Wednesday, October 8, 2014

The Steady Pace

The first three miles of the Navy-Air Force Half Marathon last month in DC had taken my training partner Lia and myself from the Washington Monument across the Potomac and back and up Rock Creek Park getting the two of us free of the constricting masses at the start of the race, to where we had more room to run.  We settled into a quickening pace where Lia was now leading the two of us in picking off runner after runner instead of me leading us in gliding from tiny open space to open space.  (We passed by the Lincoln Memorial, pictured during a summertime training run, twice in the first three miles, with one more passage by it coming up in the latter part of the race as we headed for the dreaded Haines Point.)

Going the next three miles up Rock Creek Park we noticeably got under a nine-minute per mile pace, which boded well for breaking two hours in the 13.1 mile race, which requires a 9:09 pace or better, to where we had a two or three minute cushion already in our quest.  Lia made me smile when upon seeing the turn-around cone up ahead she said, "Now our work really begins because we'll be going uphill on the way back."  (I had practiced running around the desolate Haines Point, pictured during a training run in May, but I always hated it because of its length and the wind blowing in unpredictably off the water.)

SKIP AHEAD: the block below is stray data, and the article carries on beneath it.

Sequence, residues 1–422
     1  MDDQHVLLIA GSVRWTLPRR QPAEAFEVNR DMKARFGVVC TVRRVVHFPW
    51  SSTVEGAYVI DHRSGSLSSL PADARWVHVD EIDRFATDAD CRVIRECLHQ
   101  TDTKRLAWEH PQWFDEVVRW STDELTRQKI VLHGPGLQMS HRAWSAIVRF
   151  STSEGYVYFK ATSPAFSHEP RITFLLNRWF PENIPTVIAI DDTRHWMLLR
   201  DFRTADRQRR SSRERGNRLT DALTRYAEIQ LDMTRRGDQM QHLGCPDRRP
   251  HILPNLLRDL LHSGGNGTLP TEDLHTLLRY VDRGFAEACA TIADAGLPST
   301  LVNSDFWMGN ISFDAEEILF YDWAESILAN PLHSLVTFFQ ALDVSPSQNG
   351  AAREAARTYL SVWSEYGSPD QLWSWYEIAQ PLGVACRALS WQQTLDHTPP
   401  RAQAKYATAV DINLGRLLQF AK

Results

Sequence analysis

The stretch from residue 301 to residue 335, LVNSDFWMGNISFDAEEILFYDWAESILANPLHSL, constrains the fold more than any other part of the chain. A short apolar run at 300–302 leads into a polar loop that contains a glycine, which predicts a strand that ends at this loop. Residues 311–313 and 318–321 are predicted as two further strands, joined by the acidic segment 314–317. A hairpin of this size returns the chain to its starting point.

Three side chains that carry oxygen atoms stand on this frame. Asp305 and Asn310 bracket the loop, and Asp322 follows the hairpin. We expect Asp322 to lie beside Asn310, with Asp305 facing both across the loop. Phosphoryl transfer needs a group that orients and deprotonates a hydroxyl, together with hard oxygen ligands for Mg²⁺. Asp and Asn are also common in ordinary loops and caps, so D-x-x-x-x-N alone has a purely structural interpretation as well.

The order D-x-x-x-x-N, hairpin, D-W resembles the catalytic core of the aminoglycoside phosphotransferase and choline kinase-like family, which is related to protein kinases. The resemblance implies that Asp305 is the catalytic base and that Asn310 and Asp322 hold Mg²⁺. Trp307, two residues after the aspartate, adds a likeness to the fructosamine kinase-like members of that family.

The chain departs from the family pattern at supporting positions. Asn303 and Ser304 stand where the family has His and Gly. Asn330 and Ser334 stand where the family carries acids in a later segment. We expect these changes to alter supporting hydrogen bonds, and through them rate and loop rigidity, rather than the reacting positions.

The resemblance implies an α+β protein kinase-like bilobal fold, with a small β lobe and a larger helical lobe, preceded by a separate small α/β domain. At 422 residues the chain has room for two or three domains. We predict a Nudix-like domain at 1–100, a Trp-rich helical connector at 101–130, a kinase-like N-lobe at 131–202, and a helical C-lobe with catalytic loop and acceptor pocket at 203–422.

I assured her we would now be going downhill, or downstream, as soon as we rounded the cone and she immediately started attacking the race at that point, taking advantage of the downhill aggressively, a superior tactic that I would not have done on my own because I was getting tired by then and starting to flag.  I hung on following six feet behind her for the next couple of miles as she barreled past runner after runner, always looking for someone else to pass.  (Lia running strongly during a training run in April.)

By the seventh mile I was used up though and I caught up with her one last time and told her to go for it and leave me behind, to make the race her own now and break two hours if she could sustain the pace.  She somehow increased her pace further and soon she was out of sight ahead of me, and I settled into getting through the grueling middle part of the race, slowing down necessarily due to fatigue but hoping I could hang on to break two hours myself, watching runner after runner pass me, and I passed the ten-mile marker at 1:26:44, an 8:40 pace, formerly a common mark for me but one that was now undreamed of by me ever since suffering my injured ankle, a chronic injury, five years earlier at the 2009 ATM.  (As the race crossed by the Lincoln Monument the third time beyond the eight-mile mark, I was trying to hold onto a sub-two hour pace while my training partner was long gone enroute to smashing her PR by a staggering amount.)

No comments: